Many franchisors are unaware of the worldwide proliferation of franchise-specific legislation or legislation that affects franchising. Not all countries require a registration like the US registration states, but many have disclosure requirements, and some require the filing of the executed franchise agreements. Others require a filing/registration prior to being able to sell franchises in those countries. Penalties in some countries can be significant, while others may not be, but could prevent or delay the relationship. The existence or not of such laws is a factor to consider when deciding upon an expansion strategy.
There are dramatic differences, one country to the next, as to the number of business people who will be accepting of the franchisor’s terms and financial proposition. On average, prospects in countries like Canada and England, for example, are more likely to negotiate strenuously and over longer periods of time, than would typically be the case in say Mexico or Bahrain. There are any number of additional matters that should be considered in deciding upon which countries to expand to and in what order including:
1. The existence of exchange controls;
2. The degree of adaptation which may be required for the success and public acceptance of the concept; and
3. The cost of supplying franchisees with the appropriate type and quality of goods and supplies.
Choosing the best franchise vehicle
The franchisor has a number of choices of vehicles for international expansion. Each one carries with it its own set of issues, challenges and advantages, which can have a dramatic impact on the choice of expansion territories and their order.
1) Direct Unit Franchising Granting unit franchises directly to foreign franchisees will be the slowest, most expensive and, in some ways, riskiest expansion method. In direct unit franchising, the franchisor shoulders the entire burden of selling franchises and supporting the franchisees.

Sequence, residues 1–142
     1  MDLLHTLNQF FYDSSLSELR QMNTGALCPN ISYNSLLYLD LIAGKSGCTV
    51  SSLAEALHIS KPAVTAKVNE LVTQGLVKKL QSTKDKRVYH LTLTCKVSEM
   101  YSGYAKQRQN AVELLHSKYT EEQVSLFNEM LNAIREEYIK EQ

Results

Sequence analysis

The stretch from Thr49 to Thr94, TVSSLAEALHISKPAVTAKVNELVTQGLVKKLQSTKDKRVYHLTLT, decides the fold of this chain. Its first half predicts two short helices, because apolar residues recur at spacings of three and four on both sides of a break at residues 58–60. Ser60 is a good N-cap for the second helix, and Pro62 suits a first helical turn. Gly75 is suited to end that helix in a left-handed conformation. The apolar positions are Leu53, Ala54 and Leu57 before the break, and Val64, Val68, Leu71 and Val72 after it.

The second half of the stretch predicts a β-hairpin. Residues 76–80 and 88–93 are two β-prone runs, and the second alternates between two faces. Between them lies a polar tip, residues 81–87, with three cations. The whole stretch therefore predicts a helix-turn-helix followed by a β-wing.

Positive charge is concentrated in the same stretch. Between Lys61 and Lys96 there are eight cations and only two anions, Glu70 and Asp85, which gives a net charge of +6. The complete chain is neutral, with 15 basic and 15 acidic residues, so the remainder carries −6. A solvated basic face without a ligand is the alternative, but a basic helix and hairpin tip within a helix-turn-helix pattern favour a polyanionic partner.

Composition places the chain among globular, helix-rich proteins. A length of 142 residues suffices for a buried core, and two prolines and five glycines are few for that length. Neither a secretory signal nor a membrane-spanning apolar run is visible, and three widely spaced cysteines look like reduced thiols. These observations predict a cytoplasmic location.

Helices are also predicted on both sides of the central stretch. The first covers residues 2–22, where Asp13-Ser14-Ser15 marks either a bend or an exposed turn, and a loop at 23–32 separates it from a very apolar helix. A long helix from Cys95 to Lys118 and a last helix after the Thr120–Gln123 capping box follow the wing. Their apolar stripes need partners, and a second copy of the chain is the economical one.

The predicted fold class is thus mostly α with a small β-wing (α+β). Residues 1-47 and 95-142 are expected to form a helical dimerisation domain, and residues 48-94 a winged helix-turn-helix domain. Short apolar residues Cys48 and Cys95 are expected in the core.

2) Development Arrangements Multi-unit franchises, area development arrangements and territorial development arrangements are some of the names applied to situations where a single franchisee is given the right to open up two or more franchises in a given territory.
3) Master Franchising When done properly and timed correctly, master franchising can be one of the most effective means of expanding a franchise network. This is particularly so when the expansion is into foreign markets. In fact, master franchising is the most frequently-used vehicle for international franchise expansion.
4) Joint Venture Franchising This occurs when the franchisor takes an equity position or a partnership role in the franchisee entity. Joint venture franchising can be used in virtually any franchise vehicle, from unit franchises to master franchises.
5) Acquisition The acquisition of a competitive business can be one of the quickest ways to expand a franchise system internationally. The target company may be another franchisor or a multi-unit business that is capable of being converted into a franchise network.
Although international franchising can be a challenging feat, if your company does so strategically and is able to pick the right countries at the right time, in the right way, international expansion can take your company to new heights and establish a respected presence around the globe.
Anthony Padulo is the Executive Vice President of International Development for BrightStar Care, the full-service home care franchise that provides both medical and non-medical care for infants to seniors, with more than 300 locations in the United States. To learn more about BrightStar Care International, visit franchise.brightstarcare.com/international or email Padulo at Anthony.email@example.com.
ABOUT THE AUTHORS
Anthony Padulo, Executive Vice President of International Franchise Development, BrightStar Care
Edward Levitt, Partner, Dickinson Wright LLP
Enrique Kaufer, Vice President of International Stores, General Nutrition Centers
Larry Oberly, Vice President of Global Development, Re/Max